Bryant’s triangle (Examination of Hip)

Synonyms: Iliofemoral triangle

Position: The patient lies supine with the pelvis square, and the limbs in identical position.

Points of the Bryant’s triangle:

The Bryant’s triangle is a right angled formed by:

  1. Anterior Superior Iliac Spine (ASIS)
  2. Tip of Greater trochanter
  3. Junction of perpendiculars from the 2 points above (1st draw a perpendicular from ASIS to bed and another perpendicular from greater trochanter to meet the 1st perpendicular)

Use: Quantitative measurement of supra-trochanteric shortening of hip

Bryant's triangle

The triangle should be marked on both the sides and each side of the triangle is compared with its counterpart on the normal side. The distance between the tip of greater trochanter and the junction of 2 perpendiculars i.e. base of the triangle measures supra-trochanteric shortening. This may occur due to shortening in neck or head of femur, hip joint or dislocation of joint:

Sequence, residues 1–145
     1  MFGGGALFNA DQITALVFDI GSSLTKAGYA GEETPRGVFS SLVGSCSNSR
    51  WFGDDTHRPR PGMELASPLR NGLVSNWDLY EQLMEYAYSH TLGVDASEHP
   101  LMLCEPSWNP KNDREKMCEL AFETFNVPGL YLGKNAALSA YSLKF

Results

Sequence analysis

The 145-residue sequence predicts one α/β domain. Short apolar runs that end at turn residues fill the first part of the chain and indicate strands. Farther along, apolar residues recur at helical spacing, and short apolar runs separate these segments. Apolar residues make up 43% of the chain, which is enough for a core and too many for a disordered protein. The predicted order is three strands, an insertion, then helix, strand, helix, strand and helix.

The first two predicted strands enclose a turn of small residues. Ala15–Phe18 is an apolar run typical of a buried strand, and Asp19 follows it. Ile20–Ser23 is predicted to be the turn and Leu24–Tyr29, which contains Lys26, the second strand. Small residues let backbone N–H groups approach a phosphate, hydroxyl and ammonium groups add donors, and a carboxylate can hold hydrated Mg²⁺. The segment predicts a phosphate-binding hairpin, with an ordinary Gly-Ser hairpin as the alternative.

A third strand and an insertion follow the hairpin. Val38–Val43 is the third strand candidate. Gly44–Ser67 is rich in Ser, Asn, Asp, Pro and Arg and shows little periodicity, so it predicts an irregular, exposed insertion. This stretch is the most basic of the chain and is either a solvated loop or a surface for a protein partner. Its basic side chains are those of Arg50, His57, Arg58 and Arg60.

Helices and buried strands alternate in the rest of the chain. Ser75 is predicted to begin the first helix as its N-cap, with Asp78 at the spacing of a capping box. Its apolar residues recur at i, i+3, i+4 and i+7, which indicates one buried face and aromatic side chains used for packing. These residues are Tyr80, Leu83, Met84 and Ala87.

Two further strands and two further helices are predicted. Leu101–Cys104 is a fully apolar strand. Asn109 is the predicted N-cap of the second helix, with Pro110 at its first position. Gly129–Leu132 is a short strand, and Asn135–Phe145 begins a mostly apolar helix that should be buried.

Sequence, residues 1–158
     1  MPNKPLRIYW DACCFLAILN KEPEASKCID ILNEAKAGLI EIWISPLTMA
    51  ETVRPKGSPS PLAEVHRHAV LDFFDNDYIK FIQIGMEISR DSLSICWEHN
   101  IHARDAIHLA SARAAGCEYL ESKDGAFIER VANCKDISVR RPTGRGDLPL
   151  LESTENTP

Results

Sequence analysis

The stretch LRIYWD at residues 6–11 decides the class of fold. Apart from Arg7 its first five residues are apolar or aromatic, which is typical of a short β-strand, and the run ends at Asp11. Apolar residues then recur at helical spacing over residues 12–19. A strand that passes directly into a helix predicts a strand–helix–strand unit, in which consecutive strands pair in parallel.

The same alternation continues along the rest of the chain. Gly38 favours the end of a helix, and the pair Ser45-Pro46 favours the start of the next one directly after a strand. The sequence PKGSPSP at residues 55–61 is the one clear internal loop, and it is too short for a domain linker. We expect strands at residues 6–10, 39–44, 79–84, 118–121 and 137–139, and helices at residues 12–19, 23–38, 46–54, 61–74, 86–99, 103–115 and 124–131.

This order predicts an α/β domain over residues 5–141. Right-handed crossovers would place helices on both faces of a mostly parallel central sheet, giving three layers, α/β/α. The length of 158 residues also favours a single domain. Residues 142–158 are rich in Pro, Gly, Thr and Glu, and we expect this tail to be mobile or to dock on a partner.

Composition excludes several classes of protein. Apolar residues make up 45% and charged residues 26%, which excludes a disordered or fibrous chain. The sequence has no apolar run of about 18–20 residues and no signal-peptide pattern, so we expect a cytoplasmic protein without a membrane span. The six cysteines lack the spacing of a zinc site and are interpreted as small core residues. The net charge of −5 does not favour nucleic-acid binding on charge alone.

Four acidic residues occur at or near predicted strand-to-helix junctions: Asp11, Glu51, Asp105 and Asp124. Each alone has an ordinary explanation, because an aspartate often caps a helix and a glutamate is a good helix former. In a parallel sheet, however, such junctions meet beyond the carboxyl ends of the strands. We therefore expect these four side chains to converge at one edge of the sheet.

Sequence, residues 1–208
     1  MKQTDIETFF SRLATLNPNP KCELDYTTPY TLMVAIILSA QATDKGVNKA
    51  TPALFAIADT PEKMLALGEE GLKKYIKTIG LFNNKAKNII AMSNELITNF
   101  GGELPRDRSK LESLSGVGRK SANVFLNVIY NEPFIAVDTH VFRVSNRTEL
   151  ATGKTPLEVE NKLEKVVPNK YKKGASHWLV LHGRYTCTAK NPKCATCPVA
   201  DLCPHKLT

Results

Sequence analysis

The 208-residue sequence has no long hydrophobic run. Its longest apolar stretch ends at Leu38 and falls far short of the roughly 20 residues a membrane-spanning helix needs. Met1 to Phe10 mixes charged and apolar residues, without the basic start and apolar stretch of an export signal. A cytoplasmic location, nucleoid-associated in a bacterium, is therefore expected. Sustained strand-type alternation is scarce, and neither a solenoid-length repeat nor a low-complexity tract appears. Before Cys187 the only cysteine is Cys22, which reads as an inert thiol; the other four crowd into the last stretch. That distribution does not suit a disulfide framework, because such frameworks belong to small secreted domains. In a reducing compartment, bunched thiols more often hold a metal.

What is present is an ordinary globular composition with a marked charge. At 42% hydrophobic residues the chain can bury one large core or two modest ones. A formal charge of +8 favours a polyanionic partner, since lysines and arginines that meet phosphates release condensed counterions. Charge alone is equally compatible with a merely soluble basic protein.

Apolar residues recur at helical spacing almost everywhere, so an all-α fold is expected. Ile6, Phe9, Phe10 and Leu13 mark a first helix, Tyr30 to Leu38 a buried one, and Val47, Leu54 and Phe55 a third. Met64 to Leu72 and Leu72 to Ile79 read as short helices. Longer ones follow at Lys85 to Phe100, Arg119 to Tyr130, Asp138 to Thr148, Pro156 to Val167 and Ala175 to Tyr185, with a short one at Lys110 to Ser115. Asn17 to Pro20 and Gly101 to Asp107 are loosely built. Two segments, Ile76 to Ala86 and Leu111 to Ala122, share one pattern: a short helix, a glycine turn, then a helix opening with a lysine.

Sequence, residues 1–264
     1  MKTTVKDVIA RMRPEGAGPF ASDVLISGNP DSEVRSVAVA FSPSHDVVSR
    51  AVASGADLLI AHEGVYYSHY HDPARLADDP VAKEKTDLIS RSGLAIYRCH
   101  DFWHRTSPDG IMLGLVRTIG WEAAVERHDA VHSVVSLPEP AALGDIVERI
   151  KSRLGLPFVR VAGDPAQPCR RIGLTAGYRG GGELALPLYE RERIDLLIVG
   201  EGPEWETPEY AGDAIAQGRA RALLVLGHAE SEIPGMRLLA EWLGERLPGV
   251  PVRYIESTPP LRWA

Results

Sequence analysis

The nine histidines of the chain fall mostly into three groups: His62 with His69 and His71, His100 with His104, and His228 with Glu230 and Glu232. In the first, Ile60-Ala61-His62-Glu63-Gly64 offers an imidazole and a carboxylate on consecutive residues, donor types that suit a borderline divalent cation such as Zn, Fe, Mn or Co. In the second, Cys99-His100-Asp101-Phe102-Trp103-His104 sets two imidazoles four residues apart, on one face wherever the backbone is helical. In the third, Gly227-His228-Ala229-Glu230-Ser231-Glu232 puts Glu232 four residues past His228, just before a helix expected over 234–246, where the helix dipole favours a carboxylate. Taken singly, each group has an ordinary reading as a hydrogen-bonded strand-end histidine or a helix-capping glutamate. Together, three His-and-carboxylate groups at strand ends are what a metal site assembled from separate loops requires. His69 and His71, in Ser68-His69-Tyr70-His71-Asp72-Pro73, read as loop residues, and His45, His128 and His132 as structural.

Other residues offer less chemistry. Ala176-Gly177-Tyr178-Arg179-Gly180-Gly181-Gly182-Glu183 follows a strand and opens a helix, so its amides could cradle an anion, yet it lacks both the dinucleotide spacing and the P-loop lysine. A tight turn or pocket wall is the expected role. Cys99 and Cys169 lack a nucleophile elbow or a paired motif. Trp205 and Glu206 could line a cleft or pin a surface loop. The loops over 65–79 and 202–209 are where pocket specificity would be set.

1. Dislocation of hip
  2. Central fracture – dislocation of hip
  3. Destruction of head or acetabulum or both
  4. Fracture of the neck of femur
  5. Coxa-vara deformity of the hip
  6. Malunited intra-trochanteric fracture

Bryant’s triangle is on no value in:

Mnemonic: ABC

  1. ASIS absent
  2. Bilateral disease
  3. Chopped hip (hip disarticulated)

Reversed Bryant’s triangle:

When the proximal migration of the tip of greater trochanter is beyond the ASIS, then reversed Bryant’s triangle is drawn. Total supratrochanteric shortening will be the summation of base of triangle on normal side and the base of triangle in abnormal side.

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